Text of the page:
"I would not like nights so bright you could not see the stars." -- Akira Kurosawa

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Atlanta
I grew up in a family of Southern storytellers. Back in 2004, I started Whole Bean to continue the tradition in a new medium. Over the years, I've written about families and friends, peculiar situations, extended road trips, recalcitrant home appliances, and many things for which I'm truly grateful. I hope you enjoy your time here.
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The Visitor's Guide to Atlanta


A number of my friends have asked me to post my Visitor's Guide to Atlanta from my Whole Bean website (www.whole-bean.com) to my blog. It follows...enjoy!

This site is based in Atlanta, an interesting and sometimes challenging city, physically located in the South and yet not quite there in all respects. If you're considering visiting Atlanta, please remember the following salient points in order to make your visit more enjoyable and less stressful:

  • The city is not laid out on a grid system. "Blocks" do not exist per se. This makes navigation something of an adventure.

  • Almost no one has a Southern accent. Rumor has it that there are fewer than 100 native Atlantans in the whole place. I met one in 1983, but she moved a few years later.

  • Atlanta's I-285 = Washington's Beltway = Boston's Route 128. That sign over I-285 that says "Atlanta Bypass" -- ignore that -- you'll see what I mean.

  • Dress is casual -- you can wear shorts almost anywhere. I have friends who wear shorts to work in January.

  • It is far easier to find Thai food than hush puppies.

  • We've had Krispy Kreme donuts for over 60 years now. Glad all the rest of you have finally joined the fold! What took so long?

  • Three primary potions constitute 97% of the daily beverage consumption: Coca-Cola, sweet tea, and beer. Ordering anything else may raise an eyebrow. Don't say I didn't warn you.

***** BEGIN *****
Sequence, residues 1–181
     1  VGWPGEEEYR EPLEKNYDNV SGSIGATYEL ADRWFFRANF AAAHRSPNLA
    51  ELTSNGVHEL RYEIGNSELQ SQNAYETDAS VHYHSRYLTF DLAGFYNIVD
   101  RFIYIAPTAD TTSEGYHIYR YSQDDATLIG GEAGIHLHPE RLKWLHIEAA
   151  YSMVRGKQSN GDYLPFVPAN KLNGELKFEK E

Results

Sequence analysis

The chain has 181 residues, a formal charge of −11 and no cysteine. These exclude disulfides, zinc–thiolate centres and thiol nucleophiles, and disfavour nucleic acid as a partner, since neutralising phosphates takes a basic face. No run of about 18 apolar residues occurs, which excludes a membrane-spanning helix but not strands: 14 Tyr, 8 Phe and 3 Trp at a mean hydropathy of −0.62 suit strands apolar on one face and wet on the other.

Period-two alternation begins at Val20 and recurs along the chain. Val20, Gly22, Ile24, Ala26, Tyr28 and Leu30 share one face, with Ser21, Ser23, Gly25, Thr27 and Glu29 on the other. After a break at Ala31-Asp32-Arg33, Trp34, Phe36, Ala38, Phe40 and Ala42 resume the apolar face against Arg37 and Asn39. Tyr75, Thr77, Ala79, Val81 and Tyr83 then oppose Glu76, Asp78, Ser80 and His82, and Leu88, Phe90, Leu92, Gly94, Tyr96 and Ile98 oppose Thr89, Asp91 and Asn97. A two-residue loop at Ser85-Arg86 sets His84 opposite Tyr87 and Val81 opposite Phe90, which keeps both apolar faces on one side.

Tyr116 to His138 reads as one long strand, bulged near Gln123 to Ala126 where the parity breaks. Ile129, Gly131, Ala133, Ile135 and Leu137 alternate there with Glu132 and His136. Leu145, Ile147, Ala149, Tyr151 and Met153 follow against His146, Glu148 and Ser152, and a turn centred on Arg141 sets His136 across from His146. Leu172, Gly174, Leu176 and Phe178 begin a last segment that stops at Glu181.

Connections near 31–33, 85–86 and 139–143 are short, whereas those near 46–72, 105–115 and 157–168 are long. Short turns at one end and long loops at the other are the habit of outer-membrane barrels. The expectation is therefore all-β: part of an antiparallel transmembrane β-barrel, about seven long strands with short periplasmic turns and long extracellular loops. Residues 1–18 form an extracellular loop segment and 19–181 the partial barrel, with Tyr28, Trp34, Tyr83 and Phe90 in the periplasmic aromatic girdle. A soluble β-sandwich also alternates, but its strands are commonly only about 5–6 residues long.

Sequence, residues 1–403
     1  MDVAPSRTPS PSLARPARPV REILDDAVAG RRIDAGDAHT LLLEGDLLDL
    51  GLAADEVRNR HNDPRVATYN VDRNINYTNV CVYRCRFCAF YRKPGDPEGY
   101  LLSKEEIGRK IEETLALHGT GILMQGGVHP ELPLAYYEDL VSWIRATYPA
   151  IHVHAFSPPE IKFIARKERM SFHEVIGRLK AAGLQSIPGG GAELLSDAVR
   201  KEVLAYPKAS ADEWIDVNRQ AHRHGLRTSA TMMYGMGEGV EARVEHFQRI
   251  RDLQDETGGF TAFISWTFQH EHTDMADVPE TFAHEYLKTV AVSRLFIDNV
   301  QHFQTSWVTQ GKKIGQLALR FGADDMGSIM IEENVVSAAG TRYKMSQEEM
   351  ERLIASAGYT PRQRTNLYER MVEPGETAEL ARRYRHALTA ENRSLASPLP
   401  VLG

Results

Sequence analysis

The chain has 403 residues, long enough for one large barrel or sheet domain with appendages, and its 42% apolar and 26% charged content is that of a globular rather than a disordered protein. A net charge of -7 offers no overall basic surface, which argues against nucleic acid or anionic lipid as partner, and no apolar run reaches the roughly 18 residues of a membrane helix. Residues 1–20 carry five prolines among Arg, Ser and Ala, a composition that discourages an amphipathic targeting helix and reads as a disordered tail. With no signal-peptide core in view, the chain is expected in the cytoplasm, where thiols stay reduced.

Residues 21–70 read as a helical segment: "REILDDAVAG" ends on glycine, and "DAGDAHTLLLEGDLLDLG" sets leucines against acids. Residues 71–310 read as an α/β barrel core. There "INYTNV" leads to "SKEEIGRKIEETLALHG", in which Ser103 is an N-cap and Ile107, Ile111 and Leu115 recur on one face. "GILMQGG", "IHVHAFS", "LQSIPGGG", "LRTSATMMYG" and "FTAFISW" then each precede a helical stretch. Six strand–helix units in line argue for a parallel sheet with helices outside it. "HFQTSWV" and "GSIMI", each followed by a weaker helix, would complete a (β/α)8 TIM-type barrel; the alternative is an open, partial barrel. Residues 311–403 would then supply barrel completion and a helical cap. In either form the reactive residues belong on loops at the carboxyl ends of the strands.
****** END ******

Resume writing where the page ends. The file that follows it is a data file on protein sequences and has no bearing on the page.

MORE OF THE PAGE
• It is humid here most of the time, except every few years when we seem to experience summer droughts. Despite the humidity, there is a perpetual water shortage.

  • We have a subway (called MARTA) which people actually ride. Buses, not so much. There's a new suburban bus line with pretty blue and white buses, but no one ever seems to be riding. I'm not even sure anyone is driving.

  • If you want to find a cheap used car, look on Buford Highway. You may not find the kind of car you're seeking, but you will experience tremendous entertainment value. Being bilingual will land you a far better deal.

  • It is fairly obvious upon arrival that large amounts of caffeine are consumed here. This will become self-explanatory once you drive within 20 miles of the outskirts of the outer suburbs of the far reaches of the city.

  • Everyone seems to be in a perpetual hurry to get somewhere, regardless of the time of day. Even at 1:03 AM, someone will be in a hurry to get to the local Kroger supermarket. I know -- I've done it myself!

  • Many town names end in "-etta". This is equivalent to the "-ton" or "-ville" suffixes appended in other regions and carries no other connotations.

  • There are numerous automated signs posted above the expressways stating helpful information such as "IT IS A NICE DAY -- SAVE GASOLINE -- TOMORROW." Sometimes (and this is for real) the signs only read "." (a lone period). No one knows what this means.

  • We still hold reverence for Moon Pies and RC Cola.

  • If you don't know what Moon Pies are, please visit the Moon Pie website for details prior to your arrival.

  • If you don't know what RC Cola is, then you may need therapy.